Yeşilyurt village. Logically, I only read up on the locations of our Turkish seaside outing once we returned. Namely, I checked a once comprehensive Lonely Planet guide, and Yeşilyurt was a measly entry of a couple of lines. Well preserved mountain village, it said. Nothing more. The writer had accidentally forgotten to specify just how lovely the place is, especially after a sudden late summer storm, ripe pomegranates heavy with fat, glistening raindrops, the air rich with thick scents of pine, lavender and fresh coffee , old ladies in vividly coloured baggy pants slowly navigating the slippery cobblestone alleys, the afternoon call of the muezzin rising from the skinny white marble minarets, the blue of the sea unexpectedly emerging in the distance through an opening in the cypress thicket. So next time you see something dismissed in two lines by an apathetic author, give it a third chance.
The Black Church. Speak of Gothic to me, and I will not picture monumental German cathedrals, but Braşov’s Black Church, and it will be larger than it is, larger than life, an ash coloured giant hosting the ghosts of unhappy faced medieval people, and possibly dragons spitting the fire that gave the church its unmistakable shade. Indeed, in spite of its thundering organ, its sounds awakened each time I placed our player’s needle in the thin grooves of the two records my father had bought from the church shop, the Black Church was never as much a place of worship to me as it was a place of possibly macabre tales, in the Edgar Allan Poe-ish vein of Gothic. I was later somewhat disappointed to discover that it is actually a Lutheran, and not a Catholic church, as the practices of the latter, Spanish inquisition and all, are decidedly more macabre than those of the first, but no one and nothing is perfect. And seen with an adult eye, the Church itself might feel less grand and mysterious. The medieval people depicted on the walls are still scary as hell though.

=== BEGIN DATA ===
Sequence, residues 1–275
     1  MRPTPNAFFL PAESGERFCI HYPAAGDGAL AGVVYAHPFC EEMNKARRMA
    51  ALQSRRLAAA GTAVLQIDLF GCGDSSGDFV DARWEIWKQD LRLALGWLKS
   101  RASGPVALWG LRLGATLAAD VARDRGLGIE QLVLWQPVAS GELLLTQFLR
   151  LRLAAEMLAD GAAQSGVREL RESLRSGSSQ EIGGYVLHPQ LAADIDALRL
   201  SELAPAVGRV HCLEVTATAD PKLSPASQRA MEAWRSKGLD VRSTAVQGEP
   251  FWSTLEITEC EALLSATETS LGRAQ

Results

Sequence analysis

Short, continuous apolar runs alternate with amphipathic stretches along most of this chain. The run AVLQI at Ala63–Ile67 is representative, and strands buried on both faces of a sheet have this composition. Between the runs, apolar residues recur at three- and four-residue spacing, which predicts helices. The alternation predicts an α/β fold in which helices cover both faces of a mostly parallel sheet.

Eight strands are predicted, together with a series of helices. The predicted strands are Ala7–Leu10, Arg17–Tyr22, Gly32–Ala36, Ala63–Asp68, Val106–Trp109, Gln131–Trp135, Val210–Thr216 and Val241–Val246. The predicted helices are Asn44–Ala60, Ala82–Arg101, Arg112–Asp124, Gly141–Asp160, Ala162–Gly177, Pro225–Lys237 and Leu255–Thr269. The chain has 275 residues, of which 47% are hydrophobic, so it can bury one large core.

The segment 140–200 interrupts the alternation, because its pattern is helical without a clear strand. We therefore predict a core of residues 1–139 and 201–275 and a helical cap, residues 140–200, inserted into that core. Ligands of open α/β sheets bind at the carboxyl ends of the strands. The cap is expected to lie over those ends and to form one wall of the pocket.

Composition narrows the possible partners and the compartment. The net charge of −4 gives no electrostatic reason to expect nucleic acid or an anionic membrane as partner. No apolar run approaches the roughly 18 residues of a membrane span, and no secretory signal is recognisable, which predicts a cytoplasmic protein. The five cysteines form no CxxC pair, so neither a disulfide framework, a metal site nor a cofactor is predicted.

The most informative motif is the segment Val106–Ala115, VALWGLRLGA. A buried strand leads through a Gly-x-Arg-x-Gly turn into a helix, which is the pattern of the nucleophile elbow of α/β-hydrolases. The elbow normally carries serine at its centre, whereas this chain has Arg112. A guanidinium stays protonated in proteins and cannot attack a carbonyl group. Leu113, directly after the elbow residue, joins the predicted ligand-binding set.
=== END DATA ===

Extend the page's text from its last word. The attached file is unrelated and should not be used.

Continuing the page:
Eating at Munch’s Hus in Berlin. A few years back, eating fish would have been in an absolute no go zone, a wilderness now inhabited in nigh solitude by my ultimate nemesis. Broccoli. Age, though, makes one wiser and you discover that hating things by default does more harm than good, especially to yourself, as the object of your hate is often merrily in the dark about such passions. Except if you are a South American dictator, but fate will generally catch up with them too and then it will be too late. So don’t hate anything folks, except broccoli, you have my dispensation for that. Fish though is steadily climbing up my list of preferences, with the proper boundaries of course, like filet is preferable over all else, and slimy or limby sea food is still off limits. I therefore shocked my fish and Norway loving travel companion when I suggested we visit Berlin’s Munch Hus, but I have no regrets whatsoever- my salmon was fresh and delicious, seasoned with fragrant rosemary. No desperate Munchian cries, then, except perhaps over the beer. But then again, any fool knows that fish is better with wine, so I was, again, the architect of my own tragedy.
Kirche am Steinhof. Isolated on the hillside above Vienna, it is a Secessionist fever dream exiled to be the church of a sanatorium, once specialised in lung diseases and psychiatric care. While at first this can strike the visitor as odd, a waste of gilded flourishes, late 19th and early 20th Century Vienna was of course home to many a consumptive artist, and became the birthplace of modern psychoanalysis. Regarded in this context, and also that of the bus ride that takes you there, through sedate suburbs with garden gnomes and sad dogs barking at passing cars, the whole arrangement becomes almost painfully Viennese, a world of storms brewing in quiet houses, grandeur born on the eve of destruction and joy bursting through the shadows of loss and death.
The view from the Mole Antonelliana. We began in Turin, so let us end there as well, in a place that offers a decent view of Allianz Stadium- important information for all the high school students arriving on the platform, and victoriously shouting out vedo lo stadio! Beyond such infantile enthusiasms, the Mole, always a bit cumbersome to shoot from the narrow streets surrounding it, its large structure never quite contained by the widest angled lenses, more than makes up with the panorama it offers. Turin, spreading out like a geometrical octopus, from its chessboard like heart and Baroque flourishes to the industrial wilderness of its outskirts stretching towards the snow covered Alps on one side, and the fertile valley of the Po on the other.
It recently dawned on me that I pestered the blog’s industrious co-photographer into editing the Allianz stadium shots, and then forgot to use them for a post, so here they came as a special end of year bonus.